With today’s fleeting preferences and rapidly changing markets, it’s difficult to how to know which idea you should invest your time and money in and which you should forget forever.
This can make it seem like pursuing a new business idea isn’t worth effort. That sticking to your traditional revenue stream or 9-5 job is the best bet for making sure the bills are paid and avoiding a financial and professional catastrophe.
But despite how it may seem, there’s more opportunity than ever today to turn an idea into a booming business. There’s more resources, more support, more channels, and more customers available at your fingertips than ever before.
All you need—and it’s no small feat—is a brilliant idea that people actually want.
Here are three steps you can take now that will help you know whether or not your business idea is worth pursuing.
Research, research, research
The biggest advantage of anyone starting a business today is the vast amounts of information out there online, in books, the media, webinars, podcasts, YouTube videos, and everywhere else.
You can not only use these rich sources of information to build a case to support the viability of your idea, but you can also see directly if there’s already a market where you can slot into.
If there’s a market for your product/service, then chances are there are already market reports, trade journals, and blogs on the topic, as well as coverage in the media. All these are a good sign there’s people out there who’re interested and in need of solutions, and by doing such research you may even find whole new niches and problems you never ever knew about.
Solve a profitable problem
Your business idea may be amazing, but if it doesn’t solve a problem for someone, and it doesn’t do so in a better way than the solutions that are already out there, then it’s going to have limited success.
To know if your idea solves a problem, you first need to know who your customers are. It’s all well and good knowing you’re targeting middle-aged professionals, but knowing your customers means understanding much more: what drives them, their income, their buying habits, how and why they make purchasing decisions, and where they usually like to shop.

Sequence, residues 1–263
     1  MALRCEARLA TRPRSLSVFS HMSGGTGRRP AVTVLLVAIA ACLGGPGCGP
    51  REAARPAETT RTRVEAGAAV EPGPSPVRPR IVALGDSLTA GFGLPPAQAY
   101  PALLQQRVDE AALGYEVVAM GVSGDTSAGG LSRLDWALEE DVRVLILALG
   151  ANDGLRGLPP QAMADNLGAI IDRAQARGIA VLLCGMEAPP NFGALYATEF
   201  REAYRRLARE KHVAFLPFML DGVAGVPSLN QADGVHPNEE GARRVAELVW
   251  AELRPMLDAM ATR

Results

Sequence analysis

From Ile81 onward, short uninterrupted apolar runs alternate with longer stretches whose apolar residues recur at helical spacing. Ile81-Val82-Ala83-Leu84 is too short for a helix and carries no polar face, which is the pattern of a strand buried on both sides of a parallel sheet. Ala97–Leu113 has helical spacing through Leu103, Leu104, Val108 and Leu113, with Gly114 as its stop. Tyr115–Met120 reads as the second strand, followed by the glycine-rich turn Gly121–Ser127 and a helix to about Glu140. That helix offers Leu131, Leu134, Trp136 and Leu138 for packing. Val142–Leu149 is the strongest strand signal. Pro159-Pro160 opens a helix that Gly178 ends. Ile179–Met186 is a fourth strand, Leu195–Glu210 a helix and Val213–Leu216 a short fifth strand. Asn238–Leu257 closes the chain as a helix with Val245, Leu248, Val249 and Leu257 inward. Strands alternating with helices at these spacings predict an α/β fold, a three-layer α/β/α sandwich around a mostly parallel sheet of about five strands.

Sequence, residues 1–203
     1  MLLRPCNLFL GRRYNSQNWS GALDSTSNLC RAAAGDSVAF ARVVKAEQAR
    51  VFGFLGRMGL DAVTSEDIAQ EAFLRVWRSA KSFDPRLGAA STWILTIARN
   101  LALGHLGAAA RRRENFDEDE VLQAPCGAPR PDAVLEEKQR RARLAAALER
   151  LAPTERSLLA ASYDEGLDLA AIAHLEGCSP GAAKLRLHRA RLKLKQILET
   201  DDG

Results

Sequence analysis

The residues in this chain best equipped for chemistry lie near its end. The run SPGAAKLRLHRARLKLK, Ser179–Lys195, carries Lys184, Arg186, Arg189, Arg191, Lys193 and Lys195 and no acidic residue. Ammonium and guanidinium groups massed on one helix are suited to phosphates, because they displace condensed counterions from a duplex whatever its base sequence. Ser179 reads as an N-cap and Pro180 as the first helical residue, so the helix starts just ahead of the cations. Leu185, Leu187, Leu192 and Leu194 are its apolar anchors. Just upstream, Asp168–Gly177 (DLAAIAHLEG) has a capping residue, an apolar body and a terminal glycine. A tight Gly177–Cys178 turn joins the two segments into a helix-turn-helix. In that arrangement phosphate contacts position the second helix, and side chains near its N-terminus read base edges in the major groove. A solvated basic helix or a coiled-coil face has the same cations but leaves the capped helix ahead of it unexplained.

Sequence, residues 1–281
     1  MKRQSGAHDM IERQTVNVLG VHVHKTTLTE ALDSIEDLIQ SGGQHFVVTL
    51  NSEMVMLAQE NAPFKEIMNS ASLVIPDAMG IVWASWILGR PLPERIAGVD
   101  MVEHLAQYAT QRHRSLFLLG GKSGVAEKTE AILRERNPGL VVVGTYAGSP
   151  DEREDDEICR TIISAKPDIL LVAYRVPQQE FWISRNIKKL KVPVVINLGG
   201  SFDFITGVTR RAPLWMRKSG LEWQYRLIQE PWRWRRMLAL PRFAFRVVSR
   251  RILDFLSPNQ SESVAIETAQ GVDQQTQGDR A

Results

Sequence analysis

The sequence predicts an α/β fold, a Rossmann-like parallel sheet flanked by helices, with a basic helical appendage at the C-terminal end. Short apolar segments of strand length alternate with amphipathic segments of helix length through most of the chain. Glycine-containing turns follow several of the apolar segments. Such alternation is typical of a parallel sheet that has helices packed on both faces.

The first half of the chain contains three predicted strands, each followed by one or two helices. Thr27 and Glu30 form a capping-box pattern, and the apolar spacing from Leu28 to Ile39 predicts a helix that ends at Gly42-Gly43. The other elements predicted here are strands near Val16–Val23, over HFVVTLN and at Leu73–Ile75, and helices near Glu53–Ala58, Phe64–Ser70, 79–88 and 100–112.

The best way to find out this information is, unsurprisingly, by talking to people. You can conduct surveys or polls online, interview potential customers, and search for existing data on your demographic. You can then pull the results together and you’ll have a much clearer picture of why your idea is the perfect solution for your customers.
Run a beta test
The only way to really know if your idea has legs is to get it out there and test it. Often it’s only when you start testing it in the real world, or with a small representative sample, do you begin to discover its potential.
When left in the studio or lab in the conceptual phase, it’s easy to overlook the tricky and not so rosy aspects of a business idea. In a world free from the preferences of customers and the pressure and resources of competitors, any idea can seem like it’s destined to succeed.
For this reason, its paramount to get your idea out there in some form or other as early as possible. This means facing the fact that there is a high chance of failure. But the quicker you get it out there, the less you’re invested in the immediate success and the more feedback you’re able to cycle into the development.
There’s no definitive way to know if a business idea is successful. But if you follow the steps above and combine them with an ardent passion for what you’re doing, then you’re sure to set the stage for a positive outcome.
Joseph Pennington is a freelance writer from the Old North. Connect with him on LinkedIn and find articles on work, technology, mindfulness, and more.